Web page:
All The King's Men
Robert Penn Warren's "All the King's Men" was an iconic novel, the kind we all read in high school or college; and Robert Rossen's 1949 film, with Broderick Crawford as the charismatic monster Willie Stark was surely a revelation to anyone brought up in the more polite atmosphere of the Northeast. Based of course on the life of Huey Long and the life of the corrupt state of Louisiana in the twenties and thirties, the novel and film spoke movingly at a time, unlike now, when the country was supportive of honest and open government.
Steve Zaillian, who wrote some of the most provocative films of the past twenty years - "The Falcon and the Snowman," "Jack the Bear," "Searching for Bobby Fischer" and his big hit, "Schindler's List" - has written and directed a new version of the novel, starring America's best actor, Sean Penn, as Willie. How does this version work?
I think the film fails, and for an unexpected reason: it has an incomplete screenplay, by which I mean that the film is loaded with sound and fury, secrets and lies, and outrageous moments, but they have no underpinning to make us care about what we see. Zaillian has failed to set his film in context; Willie Stark talks about scandals, about how the oil companies and their willing henchmen in the state legislature control things, rob the people, pauperize the state, bribe and skim and lie - but we in the audience never get to see or feel any of it for ourselves. So there's no context for Willie's rants about populism, no chance for us to feel empathy with him and share his ideals, no turning point at which it becomes less about doing good for others and more about doing well for himself. We remain outsiders rather than Louisianans; instead of being swept up in Willie's crusade, then learning that he's betrayed us, we are never involved.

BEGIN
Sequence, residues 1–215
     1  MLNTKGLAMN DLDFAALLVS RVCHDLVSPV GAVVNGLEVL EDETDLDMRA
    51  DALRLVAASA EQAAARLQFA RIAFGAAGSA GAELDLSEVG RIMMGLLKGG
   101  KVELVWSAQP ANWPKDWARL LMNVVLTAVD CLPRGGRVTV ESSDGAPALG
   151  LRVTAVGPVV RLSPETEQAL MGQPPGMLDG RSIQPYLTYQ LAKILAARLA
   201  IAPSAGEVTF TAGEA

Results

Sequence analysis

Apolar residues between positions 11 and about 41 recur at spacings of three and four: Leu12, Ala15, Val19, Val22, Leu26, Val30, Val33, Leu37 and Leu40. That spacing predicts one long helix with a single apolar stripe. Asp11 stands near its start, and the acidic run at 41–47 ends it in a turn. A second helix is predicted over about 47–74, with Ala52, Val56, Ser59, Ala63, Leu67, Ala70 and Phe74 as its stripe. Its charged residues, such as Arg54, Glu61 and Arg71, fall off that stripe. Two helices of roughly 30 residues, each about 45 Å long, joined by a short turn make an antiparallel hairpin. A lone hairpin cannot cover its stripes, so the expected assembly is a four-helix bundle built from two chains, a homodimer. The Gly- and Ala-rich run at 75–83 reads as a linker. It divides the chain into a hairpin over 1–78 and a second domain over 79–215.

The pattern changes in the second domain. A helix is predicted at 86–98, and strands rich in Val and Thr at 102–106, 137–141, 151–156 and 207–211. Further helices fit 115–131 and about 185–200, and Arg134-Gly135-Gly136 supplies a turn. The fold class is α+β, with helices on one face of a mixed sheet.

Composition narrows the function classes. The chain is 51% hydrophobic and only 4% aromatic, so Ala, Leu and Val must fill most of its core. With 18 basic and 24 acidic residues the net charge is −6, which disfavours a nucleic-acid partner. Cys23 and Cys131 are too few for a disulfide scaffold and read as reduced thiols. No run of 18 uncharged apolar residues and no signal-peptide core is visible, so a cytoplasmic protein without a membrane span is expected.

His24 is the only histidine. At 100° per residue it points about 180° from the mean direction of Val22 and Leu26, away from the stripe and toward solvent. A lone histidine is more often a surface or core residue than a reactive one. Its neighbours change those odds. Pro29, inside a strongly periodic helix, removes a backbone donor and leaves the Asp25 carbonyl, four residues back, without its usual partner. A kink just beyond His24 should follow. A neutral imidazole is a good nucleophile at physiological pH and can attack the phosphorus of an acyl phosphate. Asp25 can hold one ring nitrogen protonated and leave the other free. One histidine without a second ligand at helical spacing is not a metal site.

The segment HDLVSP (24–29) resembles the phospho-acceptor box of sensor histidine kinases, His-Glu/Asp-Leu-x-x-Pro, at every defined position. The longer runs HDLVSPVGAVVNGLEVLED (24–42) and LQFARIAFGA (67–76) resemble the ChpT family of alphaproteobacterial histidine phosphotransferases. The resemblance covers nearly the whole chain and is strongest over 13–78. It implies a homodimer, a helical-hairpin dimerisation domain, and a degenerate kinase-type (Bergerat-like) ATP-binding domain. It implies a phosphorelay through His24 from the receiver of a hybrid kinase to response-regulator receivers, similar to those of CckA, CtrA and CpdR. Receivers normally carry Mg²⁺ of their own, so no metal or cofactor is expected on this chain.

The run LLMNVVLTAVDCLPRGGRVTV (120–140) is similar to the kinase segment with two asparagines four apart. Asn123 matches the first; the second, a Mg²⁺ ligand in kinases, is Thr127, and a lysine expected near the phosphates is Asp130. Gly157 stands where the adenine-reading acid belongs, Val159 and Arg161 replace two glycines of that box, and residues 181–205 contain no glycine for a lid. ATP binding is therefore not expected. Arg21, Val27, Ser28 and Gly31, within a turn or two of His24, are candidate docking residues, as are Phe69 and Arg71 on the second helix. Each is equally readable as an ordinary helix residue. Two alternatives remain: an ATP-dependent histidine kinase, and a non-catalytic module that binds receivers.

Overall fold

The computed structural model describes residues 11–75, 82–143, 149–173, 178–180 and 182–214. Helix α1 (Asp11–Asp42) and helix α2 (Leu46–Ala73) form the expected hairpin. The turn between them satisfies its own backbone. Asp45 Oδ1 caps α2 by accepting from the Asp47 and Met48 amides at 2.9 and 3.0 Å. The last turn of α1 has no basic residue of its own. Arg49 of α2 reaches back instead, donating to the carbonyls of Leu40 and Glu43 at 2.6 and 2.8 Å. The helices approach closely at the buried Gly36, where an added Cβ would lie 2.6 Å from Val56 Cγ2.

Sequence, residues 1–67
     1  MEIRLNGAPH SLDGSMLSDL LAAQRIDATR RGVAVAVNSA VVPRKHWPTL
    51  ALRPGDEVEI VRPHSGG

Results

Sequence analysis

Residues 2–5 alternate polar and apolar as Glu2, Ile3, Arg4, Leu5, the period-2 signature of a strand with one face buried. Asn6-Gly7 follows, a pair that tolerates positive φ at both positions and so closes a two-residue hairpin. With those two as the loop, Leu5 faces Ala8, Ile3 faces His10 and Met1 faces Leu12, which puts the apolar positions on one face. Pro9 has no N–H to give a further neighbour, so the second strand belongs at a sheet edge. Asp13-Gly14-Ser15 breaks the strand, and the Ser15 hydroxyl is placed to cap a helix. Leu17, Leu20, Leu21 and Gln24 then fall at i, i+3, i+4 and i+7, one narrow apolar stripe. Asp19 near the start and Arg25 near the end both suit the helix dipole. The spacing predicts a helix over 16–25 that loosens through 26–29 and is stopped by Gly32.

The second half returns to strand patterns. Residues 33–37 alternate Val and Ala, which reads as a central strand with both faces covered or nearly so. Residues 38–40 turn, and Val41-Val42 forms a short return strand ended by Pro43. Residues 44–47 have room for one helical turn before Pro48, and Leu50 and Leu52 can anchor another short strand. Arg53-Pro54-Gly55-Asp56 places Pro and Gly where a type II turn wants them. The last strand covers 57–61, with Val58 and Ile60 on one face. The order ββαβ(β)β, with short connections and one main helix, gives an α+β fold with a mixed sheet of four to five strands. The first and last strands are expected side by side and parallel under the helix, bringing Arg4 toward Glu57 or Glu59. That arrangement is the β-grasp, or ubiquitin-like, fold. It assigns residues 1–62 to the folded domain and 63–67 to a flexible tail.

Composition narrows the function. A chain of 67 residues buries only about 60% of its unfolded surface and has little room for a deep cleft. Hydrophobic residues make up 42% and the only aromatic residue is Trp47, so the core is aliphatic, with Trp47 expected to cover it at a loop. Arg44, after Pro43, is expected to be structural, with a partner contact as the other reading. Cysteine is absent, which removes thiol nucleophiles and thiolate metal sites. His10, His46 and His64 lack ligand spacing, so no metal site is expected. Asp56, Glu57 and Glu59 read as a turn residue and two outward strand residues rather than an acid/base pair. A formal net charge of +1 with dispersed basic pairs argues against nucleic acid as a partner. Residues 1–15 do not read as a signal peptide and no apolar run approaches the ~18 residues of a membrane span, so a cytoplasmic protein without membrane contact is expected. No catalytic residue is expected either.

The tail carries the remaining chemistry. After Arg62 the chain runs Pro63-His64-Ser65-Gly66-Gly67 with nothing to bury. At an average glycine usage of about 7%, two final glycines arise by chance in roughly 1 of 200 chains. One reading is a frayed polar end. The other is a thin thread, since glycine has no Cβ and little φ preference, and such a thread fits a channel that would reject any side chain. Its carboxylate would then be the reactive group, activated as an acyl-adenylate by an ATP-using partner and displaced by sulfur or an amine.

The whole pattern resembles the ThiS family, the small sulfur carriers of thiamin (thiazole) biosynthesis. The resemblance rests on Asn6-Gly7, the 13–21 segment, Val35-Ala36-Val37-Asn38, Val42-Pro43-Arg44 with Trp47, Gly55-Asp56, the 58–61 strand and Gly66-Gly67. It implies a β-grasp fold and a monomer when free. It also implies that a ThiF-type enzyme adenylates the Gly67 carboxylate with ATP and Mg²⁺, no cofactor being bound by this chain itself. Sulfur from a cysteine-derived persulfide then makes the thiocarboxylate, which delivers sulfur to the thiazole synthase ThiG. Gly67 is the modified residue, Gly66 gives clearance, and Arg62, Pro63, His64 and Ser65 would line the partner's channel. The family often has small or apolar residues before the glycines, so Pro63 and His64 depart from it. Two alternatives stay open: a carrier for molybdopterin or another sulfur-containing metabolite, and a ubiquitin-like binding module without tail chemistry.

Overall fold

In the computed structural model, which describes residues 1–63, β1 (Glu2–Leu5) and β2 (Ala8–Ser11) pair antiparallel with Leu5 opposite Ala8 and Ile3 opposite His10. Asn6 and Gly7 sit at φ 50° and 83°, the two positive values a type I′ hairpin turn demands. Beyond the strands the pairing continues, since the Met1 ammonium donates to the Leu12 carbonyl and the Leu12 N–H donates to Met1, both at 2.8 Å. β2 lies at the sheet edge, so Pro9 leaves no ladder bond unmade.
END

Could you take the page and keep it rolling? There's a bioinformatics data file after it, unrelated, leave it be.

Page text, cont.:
Zaillian has cast "All the King's Men" with good actors. Sean Penn does a heroic job as Willie, saying the right things, bringing people to their feet, manipulating them, but he is the same person from beginning to end; there's no turning point, no moment in the film when he loses us, no crux of the drama when he turns from hero to monster. If you remember Penn as Matthew Poncelet in "Dead Man Walking" you'll recall that breathtaking scene when Matthew finally brings himself to an acceptance of what he has done; it's one of the great acting moments in all of film history. Penn could have done the same thing here, but Zaillian has let him down.
And Jude Law is disastrously miscast as Jack Burden, the muckraking journalist who becomes Willie's gofer; he pours on a southern accent so thick you think he's doing a parody of Tennessee Williams. Only Anthony Hopkins as an upright judge whom Willie needs to buy off, carries his role with believability. There are subplots revolving around a brother and sister - Mark Ruffalo and Kate Winslet - and both Patricia Clarkson and James Gandolfini are involved as well - but at the heart of a film that should have great resonance for the country today, there's nothing but an empty hole.